Prosecutors across New York had to review closed criminal cases because a now-dead forensic scientist routinely failed to perform mandatory tests and then fraudulently wrote up results, state officials said in a report released Thursday.
Garry Veeder's misconduct went undetected for years because of "shoddy" supervision at the state police's Forensic Investigation Center, New York Inspector General Joseph Fisch said. Veeder committed suicide in May 2008 during the inquiry.
State police said 44 district attorneys reviewed all 322 criminal cases that included findings by Veeder. Prosecutors found no wrongful convictions, but defendants whose cases were handled by Veeder could file appeals.
State police are hiring an outside expert to conduct a full audit of the crime lab's quality assurance processes, but Harry Corbitt, superintendent of state police, said, "We are satisfied that there were no wrongful convictions, nor any miscarriages of justice."
"The violations reflect an alarming departure from the high standards we expect from every employee of the state Police Crime Laboratory System," Corbitt said in a letter responding to the report.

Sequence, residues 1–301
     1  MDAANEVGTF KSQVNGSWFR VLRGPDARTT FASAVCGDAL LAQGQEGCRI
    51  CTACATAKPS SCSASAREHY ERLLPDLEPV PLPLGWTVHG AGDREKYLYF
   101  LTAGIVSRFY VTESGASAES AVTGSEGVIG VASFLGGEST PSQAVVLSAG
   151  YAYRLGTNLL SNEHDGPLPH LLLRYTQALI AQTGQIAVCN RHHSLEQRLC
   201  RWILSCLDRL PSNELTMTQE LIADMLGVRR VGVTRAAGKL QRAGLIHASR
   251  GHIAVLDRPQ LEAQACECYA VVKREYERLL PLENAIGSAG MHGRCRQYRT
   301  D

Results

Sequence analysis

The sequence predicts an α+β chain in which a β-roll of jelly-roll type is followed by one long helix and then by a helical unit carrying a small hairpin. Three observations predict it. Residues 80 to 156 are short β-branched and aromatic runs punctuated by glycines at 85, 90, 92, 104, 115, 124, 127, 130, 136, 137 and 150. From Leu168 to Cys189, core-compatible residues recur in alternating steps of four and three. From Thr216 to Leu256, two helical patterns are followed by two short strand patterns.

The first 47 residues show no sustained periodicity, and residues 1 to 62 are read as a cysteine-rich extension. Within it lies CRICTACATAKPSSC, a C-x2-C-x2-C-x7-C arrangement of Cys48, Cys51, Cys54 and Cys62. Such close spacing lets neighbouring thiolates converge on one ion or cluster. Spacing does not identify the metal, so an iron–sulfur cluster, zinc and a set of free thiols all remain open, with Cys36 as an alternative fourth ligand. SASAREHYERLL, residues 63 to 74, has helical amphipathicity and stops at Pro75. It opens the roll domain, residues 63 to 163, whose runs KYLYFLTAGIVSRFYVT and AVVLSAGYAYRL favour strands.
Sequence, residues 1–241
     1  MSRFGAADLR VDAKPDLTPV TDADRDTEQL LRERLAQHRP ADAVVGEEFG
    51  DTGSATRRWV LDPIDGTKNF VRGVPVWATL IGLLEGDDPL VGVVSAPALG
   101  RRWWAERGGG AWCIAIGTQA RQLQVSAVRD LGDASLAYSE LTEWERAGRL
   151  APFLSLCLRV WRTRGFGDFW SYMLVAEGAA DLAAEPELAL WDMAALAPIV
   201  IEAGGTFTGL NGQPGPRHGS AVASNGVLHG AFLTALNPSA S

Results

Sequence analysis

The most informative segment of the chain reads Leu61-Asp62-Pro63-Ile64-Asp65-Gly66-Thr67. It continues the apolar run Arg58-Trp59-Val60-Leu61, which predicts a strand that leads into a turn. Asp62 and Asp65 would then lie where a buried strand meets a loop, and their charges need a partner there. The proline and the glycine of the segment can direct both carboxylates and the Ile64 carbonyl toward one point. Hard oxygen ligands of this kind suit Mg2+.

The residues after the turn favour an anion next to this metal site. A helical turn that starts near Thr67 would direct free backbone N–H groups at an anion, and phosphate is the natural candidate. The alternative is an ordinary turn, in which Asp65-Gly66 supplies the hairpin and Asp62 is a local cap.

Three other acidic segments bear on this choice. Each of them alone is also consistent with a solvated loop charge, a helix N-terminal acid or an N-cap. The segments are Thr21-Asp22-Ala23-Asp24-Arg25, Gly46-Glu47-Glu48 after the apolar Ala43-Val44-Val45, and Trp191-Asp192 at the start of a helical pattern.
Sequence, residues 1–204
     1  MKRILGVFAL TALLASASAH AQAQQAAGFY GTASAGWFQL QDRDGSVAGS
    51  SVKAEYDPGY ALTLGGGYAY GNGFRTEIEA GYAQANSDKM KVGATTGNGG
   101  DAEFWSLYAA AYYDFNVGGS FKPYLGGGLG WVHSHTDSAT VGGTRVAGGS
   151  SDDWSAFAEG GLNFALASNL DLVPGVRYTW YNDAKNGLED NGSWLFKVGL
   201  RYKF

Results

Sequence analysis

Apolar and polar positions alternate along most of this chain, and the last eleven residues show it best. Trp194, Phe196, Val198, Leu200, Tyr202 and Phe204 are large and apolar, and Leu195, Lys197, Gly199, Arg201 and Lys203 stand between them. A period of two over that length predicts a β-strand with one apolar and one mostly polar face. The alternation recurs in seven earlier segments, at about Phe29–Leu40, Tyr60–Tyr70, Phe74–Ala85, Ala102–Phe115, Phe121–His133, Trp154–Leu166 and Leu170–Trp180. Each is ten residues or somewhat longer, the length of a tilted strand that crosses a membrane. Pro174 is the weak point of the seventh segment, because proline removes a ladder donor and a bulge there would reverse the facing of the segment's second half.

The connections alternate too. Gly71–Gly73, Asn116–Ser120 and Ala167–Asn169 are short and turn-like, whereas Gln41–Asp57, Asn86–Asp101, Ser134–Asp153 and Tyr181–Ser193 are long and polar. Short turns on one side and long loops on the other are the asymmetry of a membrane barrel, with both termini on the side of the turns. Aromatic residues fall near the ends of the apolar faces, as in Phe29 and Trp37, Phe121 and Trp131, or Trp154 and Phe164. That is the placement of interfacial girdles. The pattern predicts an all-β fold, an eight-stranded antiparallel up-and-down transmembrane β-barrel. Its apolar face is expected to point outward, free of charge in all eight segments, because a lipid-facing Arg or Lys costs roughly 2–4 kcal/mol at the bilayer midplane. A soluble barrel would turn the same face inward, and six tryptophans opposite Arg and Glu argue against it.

Fisch's office used outside forensic scientists to review Veeder's 322 cases, all of them from outside New York City. Veeder worked in the Trace Evidence Section, which deals with fibers, impression evidence such as footprints and tire tracks, and volatile chemical evidence from arson scenes.
When Veeder's errors were first discovered, he told state police supervisors that his misconduct was due to poor training and supervision. Officials dismissed those claims, but the report issued Tuesday indicates the problems extended to other people at the lab.
Fisch said Veeder's supervisor and trainer didn't require staff to perform a mandatory test that Veeder had skipped, and he also approved some of Veeder's deficient work.
Also, the scientist reviewing Veeder's work had been officially disqualified from conducting those same tests due to lack of competence.
Nearly 30 percent of Veeder's cases didn't meet lab standards and could directly affect the integrity of the individual trace evidence cases, according to the report.
"Cutting corners in a crime lab is serious and intolerable," Fisch said in a statement. "Forensic laboratories must adhere to the highest standards of competence, independence and integrity. Anything less undermines public confidence in our criminal justice system."
The inspector general also found a case where a former assistant director violated police ethics guidelines by trying to influence a scientist's handwriting analysis in a case the assistant director's brother was investigating.
"This report shows an extremely serious systemic problem with training and supervision in the state crime lab," said Peter Neufeld, a director of the Innocence Project, a national organization that uses DNA testing to free innocent people in prison. "The depth of misconduct, and the systemic problems behind it, make this a national scandal."
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